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Washington Heights (Tokyo)

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Washington Heights was a United States Armed Forces housing complex located in Shibuya, Tokyo during the occupation of Japan by Allied forces. Constructed in 1946, it remained in operation until 1964, by which point all land had been returned to Japanese control. Today, the site encompasses Yoyogi Park, Yoyogi National Gymnasium, the NHK Broadcasting Center, and other facilities.

Contents

Washington Heights (Tokyo) The Olympic Village in Washington Heights Athletes Get a Taste of

Military period

Washington Heights (Tokyo) Washington Heights Housing Tokyo Japan

Covering an area of 924,000 square meters, Washington Heights was home to 827 housing units for United States Army Air Force and, later, Air Force families. It also hosted support facilities, including schools, churches, theaters, shops, and officers' clubs. Japanese citizens were not permitted to enter the area, which was fenced in with multiple gates. Washington Heights was predominantly a middle-class area, although much of Tokyo had been devastated by firebombing during the war.

Washington Heights (Tokyo) Washington Heights Tokyo Japan david4parrot Flickr

Before the surrender of Japan, the area was used as a parade ground by the Imperial Japanese Army. The U.S. military ordered the construction of the Washington Heights complex by the Japanese government, and maintained control of it after the signing of the Treaty of San Francisco. Although the treaty returned Japanese sovereignty in late April 1952, military forces would remain, including those housed at Washington Heights. This resulted in protests from Japanese university students in early May, but expected attacks on the housing complex never materialized.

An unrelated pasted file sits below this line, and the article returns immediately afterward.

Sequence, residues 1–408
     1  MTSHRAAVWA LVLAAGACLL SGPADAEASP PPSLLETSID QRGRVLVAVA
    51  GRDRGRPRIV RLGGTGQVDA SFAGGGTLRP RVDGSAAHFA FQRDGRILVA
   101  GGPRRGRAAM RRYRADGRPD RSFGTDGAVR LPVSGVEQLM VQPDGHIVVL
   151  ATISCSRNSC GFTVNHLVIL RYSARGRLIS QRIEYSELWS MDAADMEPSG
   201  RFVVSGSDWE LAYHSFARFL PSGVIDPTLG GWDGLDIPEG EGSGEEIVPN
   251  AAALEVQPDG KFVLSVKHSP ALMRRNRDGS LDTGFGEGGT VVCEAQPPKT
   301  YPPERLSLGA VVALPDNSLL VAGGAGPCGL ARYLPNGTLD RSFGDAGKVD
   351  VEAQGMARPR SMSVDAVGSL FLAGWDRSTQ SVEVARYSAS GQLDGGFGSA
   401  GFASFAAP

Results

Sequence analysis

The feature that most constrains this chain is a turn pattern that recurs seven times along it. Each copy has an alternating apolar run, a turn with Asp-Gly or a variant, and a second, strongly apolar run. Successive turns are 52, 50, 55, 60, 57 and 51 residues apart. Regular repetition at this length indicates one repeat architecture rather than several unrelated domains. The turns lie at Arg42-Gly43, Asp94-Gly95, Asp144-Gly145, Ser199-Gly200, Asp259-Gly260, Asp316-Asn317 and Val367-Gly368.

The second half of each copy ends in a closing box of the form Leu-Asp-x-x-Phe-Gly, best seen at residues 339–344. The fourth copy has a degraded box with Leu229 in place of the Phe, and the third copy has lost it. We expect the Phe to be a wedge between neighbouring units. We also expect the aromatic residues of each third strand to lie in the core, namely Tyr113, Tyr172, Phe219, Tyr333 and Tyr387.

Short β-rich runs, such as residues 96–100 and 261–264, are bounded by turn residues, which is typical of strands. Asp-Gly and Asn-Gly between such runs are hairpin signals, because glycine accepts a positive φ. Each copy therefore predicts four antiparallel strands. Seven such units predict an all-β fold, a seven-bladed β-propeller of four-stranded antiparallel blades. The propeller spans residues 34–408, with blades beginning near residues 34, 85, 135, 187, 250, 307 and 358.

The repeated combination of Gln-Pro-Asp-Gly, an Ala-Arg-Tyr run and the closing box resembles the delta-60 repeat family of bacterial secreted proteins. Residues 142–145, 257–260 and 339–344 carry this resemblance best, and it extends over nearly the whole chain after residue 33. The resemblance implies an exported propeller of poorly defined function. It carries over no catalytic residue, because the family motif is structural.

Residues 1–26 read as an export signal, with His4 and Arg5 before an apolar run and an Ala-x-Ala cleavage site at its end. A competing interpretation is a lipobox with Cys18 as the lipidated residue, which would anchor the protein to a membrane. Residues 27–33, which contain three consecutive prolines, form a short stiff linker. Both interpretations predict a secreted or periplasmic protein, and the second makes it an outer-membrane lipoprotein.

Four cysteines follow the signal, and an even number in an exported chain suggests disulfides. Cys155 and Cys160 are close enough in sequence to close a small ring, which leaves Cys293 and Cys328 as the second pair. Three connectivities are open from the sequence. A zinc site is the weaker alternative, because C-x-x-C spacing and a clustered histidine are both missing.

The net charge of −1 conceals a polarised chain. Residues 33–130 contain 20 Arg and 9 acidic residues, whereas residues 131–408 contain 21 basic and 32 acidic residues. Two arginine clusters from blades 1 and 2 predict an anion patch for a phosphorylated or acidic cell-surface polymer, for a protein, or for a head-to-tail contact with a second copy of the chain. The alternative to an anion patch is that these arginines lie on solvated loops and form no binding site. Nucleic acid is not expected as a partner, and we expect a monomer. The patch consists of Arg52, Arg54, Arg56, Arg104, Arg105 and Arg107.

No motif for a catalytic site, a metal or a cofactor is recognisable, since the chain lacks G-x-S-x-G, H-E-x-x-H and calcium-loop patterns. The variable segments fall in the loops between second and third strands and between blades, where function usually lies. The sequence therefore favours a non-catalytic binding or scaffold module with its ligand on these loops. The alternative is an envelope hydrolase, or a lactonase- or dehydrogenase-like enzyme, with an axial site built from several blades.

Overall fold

Washington Heights (Tokyo) Workmen remove a Washington Heights entrance sign Flickr

The Treaty of Mutual Cooperation and Security between the United States and Japan, signed in 1960, determined that Washington Heights would remain in operation. The following year, though, the land was deemed necessary for construction of facilities connected with the 1964 Summer Olympics. The transfer was completed in 1964, with the Japanese government bearing the full amount of relocation expenses for U.S. military families moving to Chofu Airport.

Olympics and later years

Washington Heights (Tokyo) Alternative Asian News TV Tokyo 19471963 Washington Heights

A number of the former military barracks were used as athlete housing during the Games. Other athletes were housed in a newly constructed facility that later became the National Olympics Memorial Youth Center. After the Olympics, nearly all the military housing was razed, with one house, that used by the Dutch Olympic team, remaining in Yoyogi Park.

Noted individuals

  • Johnny Kitagawa, created Japan's first boy band from youths he found playing in Washington Heights in 1962
  • Norma Field, attended school in Washington Heights as a child
  • Lois Lowry, acclaimed American writer, author of The Giver where she received her inspiration for the book from childhood memories of sneaking out of the base and exploring the neighboring Shibuya district.
  • References

    Washington Heights (Tokyo) Wikipedia


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